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I am studying basic circuits, and have a very elementary question.

When the photoresistor is exposed to light in the following circuit, is there a constant drain on the power supply?

If this were used in a battery powered nightlight, the battery would eventually drain even if the nightlight were never in the dark?

Am I thinking correctly?

Photoresistor nightlight

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  • \$\begingroup\$ No. It will not draw the same current when the LED is off Vs on. It will draw significantly more power when the photoresistor is in the dark. You are correct that it will drain the battery when the LED is off, but it will draw less than 30 microAmps. In that situation, two AA batteries in series (2000mAh) could hold this circuit in standby for more than 7 years. \$\endgroup\$ Sep 28, 2020 at 19:33
  • \$\begingroup\$ Thank you, that answers my question! How did you calculate 30 microAmps \$\endgroup\$
    – Ben
    Sep 28, 2020 at 20:44
  • \$\begingroup\$ 3.3Volts/100K Ohms= 33microAmps. It will be less than that because there will still be resistance from the photodiode in series with the 100k Ohm resistor. \$\endgroup\$ Sep 28, 2020 at 22:09
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    \$\begingroup\$ Many LEDs will not light when the battery is 3V and is brand new because some LEDs need 3.6V. The 330 ohms resistor also needs additional voltage. If you use a 2V red LED, a 3V battery and the transistor saturates with a 0.4V drop then the LED current will be only (3V - 2V - 0.4V)/330 ohms = 1.8mA which is VERY dim. For a bright 20mA of current with the 2V red LED then the battery must be (20mA x 330 ohms) + 2v = 0.4V= 9V. then the transistor base current must be 1mA and the base resistor must be (9V - 0.7V)/1mA= 8300 ohms. \$\endgroup\$
    – Audioguru
    Sep 29, 2020 at 0:10
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    \$\begingroup\$ The 100K is rather large. It will restrict the transistor base current to about 25uA. Even with a transistor with beta = 100 that's only 2.5mA of LED current. \$\endgroup\$
    – td127
    Sep 29, 2020 at 2:57

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Yes, you are thinking correctly. It will draw some minute current, even when 'off'.

The quiescent current would be that current going through the base bias resistors in the 'off' state. It would be very small when 'off', and while the bias current would drop slightly when 'on', the total current would be more with it on; (I know you knew that part!).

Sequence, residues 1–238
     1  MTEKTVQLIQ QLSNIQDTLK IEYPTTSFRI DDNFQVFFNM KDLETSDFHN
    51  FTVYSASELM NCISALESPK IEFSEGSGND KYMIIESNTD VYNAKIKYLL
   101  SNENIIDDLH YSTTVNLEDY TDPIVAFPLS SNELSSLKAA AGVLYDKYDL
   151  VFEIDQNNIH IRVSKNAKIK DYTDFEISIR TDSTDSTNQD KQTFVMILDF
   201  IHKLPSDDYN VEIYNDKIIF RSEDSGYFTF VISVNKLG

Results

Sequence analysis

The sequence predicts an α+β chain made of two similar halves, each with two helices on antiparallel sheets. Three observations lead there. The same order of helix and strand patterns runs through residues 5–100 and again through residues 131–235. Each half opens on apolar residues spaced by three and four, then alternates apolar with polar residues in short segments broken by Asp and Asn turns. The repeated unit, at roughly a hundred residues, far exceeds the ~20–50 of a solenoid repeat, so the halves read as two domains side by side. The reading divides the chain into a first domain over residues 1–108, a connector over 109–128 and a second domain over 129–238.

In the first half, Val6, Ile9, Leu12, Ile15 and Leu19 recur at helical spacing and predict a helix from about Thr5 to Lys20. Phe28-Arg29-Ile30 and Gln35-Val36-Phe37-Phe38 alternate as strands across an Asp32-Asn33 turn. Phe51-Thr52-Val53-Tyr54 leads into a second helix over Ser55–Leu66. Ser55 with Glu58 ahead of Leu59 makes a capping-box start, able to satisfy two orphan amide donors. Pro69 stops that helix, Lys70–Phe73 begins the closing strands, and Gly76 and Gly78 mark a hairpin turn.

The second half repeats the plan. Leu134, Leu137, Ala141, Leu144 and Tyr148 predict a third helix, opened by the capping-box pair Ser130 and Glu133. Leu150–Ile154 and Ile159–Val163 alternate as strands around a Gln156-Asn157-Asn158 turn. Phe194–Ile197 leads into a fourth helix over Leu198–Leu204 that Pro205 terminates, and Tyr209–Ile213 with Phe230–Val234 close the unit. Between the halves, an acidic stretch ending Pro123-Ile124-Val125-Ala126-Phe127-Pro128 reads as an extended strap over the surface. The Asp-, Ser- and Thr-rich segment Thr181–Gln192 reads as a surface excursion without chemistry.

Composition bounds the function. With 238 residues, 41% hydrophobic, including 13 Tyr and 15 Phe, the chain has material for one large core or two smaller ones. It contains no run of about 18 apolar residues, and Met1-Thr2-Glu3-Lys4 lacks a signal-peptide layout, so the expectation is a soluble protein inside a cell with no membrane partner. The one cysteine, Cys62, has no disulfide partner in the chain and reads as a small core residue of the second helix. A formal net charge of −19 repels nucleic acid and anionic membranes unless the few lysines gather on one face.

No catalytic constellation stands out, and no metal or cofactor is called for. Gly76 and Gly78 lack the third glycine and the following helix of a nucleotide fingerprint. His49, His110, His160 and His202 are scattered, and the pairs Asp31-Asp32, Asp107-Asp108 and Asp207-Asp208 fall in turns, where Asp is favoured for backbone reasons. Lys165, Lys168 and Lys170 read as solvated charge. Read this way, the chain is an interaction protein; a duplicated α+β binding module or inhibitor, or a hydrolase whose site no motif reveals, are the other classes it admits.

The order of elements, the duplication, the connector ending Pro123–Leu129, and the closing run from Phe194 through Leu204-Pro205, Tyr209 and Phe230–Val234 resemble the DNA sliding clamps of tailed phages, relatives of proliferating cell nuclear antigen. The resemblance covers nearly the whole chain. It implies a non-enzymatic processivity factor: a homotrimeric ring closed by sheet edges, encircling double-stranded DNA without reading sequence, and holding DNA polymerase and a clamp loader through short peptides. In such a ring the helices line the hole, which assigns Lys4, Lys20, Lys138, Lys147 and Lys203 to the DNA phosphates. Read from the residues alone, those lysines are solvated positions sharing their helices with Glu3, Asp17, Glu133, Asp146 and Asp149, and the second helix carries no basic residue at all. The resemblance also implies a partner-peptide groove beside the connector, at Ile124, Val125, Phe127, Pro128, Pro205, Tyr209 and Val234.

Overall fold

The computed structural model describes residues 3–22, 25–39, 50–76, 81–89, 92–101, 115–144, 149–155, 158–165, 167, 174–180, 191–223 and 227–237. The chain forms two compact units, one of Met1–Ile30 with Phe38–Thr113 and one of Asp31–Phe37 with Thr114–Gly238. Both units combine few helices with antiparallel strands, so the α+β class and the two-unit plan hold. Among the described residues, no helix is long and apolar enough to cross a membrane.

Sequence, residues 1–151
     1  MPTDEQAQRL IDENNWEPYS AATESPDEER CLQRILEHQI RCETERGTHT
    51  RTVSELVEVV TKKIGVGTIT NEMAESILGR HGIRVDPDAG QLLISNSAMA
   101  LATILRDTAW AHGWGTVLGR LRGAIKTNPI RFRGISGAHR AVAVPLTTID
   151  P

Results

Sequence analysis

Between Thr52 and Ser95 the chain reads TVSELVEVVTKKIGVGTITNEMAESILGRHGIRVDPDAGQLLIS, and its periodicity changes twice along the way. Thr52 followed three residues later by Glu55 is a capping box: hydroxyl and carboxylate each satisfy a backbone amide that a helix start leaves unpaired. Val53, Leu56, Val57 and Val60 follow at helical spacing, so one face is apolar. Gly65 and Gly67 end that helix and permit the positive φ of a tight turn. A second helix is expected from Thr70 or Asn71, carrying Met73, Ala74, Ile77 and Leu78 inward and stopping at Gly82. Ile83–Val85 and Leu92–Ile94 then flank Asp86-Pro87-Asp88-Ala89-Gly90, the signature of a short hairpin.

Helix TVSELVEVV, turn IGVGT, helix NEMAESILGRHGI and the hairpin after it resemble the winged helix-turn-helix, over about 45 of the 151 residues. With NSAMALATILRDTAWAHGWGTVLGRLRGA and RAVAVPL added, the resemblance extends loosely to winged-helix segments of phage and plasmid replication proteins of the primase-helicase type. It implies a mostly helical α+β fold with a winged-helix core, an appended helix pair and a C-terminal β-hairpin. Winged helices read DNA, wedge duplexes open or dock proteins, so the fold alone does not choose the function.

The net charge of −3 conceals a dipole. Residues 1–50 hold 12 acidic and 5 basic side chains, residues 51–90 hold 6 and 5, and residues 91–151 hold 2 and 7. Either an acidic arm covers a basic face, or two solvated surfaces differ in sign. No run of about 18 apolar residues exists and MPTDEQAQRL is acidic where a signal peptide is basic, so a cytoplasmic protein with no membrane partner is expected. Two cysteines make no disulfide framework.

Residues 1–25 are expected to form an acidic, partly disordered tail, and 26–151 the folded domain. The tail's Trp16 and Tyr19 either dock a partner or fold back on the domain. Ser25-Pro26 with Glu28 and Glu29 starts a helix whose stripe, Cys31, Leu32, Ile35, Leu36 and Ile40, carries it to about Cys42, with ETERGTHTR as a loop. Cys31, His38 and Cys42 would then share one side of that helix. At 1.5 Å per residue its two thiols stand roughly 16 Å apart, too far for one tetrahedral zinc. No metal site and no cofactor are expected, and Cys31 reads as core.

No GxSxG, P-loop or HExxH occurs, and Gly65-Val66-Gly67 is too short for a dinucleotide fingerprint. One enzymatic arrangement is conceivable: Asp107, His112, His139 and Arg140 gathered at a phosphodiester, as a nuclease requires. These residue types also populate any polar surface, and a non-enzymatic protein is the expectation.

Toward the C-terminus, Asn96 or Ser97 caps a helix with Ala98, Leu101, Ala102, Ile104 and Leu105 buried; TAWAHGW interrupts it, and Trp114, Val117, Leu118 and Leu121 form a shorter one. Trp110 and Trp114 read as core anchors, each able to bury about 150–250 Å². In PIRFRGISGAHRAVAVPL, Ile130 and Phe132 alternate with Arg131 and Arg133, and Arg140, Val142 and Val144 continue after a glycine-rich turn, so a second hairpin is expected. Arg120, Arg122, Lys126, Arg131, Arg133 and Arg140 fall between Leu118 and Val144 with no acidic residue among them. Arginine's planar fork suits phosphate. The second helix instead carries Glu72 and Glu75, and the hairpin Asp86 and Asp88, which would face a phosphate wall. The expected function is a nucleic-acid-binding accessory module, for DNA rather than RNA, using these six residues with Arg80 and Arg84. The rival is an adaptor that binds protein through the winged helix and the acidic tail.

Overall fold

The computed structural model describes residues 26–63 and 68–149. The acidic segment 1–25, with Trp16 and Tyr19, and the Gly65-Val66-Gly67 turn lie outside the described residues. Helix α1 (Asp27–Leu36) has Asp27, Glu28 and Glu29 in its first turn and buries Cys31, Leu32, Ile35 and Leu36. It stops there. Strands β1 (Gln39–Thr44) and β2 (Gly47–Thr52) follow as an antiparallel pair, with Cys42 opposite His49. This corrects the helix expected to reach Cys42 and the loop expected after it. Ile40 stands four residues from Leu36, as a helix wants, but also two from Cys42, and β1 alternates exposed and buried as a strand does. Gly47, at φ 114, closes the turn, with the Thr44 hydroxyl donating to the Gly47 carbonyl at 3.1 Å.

That would probably be a common cadmium sulfide cell (photo-cell), which I recall are about 100KΩ to 500KΩ in the dark, depending on it's specs; and a few kohms or so when exposed to moderate light. So it would be 100kΩ plus a few kΩs drawing current when exposed (transistor is off). When 'on', it would draw roughly this: take the battery voltage, reduce that by .3V for the transistor if saturated* (saturated drop) and by whatever the LED will drop when lit (V-forward). a red LED may drop about 1.2V IIRC. That gives you 1.5V left over across the resistor. So divide 1.5V remaining by 330Ω and you get about 5mA* of current to light the LED. The 'off' quiescent current would be about 3V ÷ ~100kΩ = 30µA. Very small as ambitiose_sed_ineptum aptly pointed out above!

*EDIT: td127 spotted a big error I made - Thanks td127! The 2N3904 will not be fully turned on by this choice of bias resistor values. As td127 correctly commented earlier, (and I incorrectly contradicted him/her!) - the 2N3904 could have a gain of 100 or even less. If you use a different transistor with adequate gain to saturate (fully turn on) at 30µA, then you should get about 5mA to the LED using the 330Ω current limiting resistor. You could also decrease the 100kΩ bias resistor (to provide enough base current to saturate a 2N3904), but that will also increase the 'standby' current some. That will also affect the 'turn-on' point/sensitivity.

I think the comments above already pretty much answered it all, but I put it in a formal answer anyway, with (excess) details, for other readers to understand all aspects of current flow in this circuit, which the question eluded to...

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  • \$\begingroup\$ td127 pointed out the error I made. (I even incorrectly contradicted his/her correct calculations earlier). Thanks td127, you have been very gracious! \$\endgroup\$ Sep 30, 2020 at 15:33
  • \$\begingroup\$ Thanks for taking the time to explain so clearly! Much appreciated. \$\endgroup\$
    – Ben
    Sep 30, 2020 at 19:09

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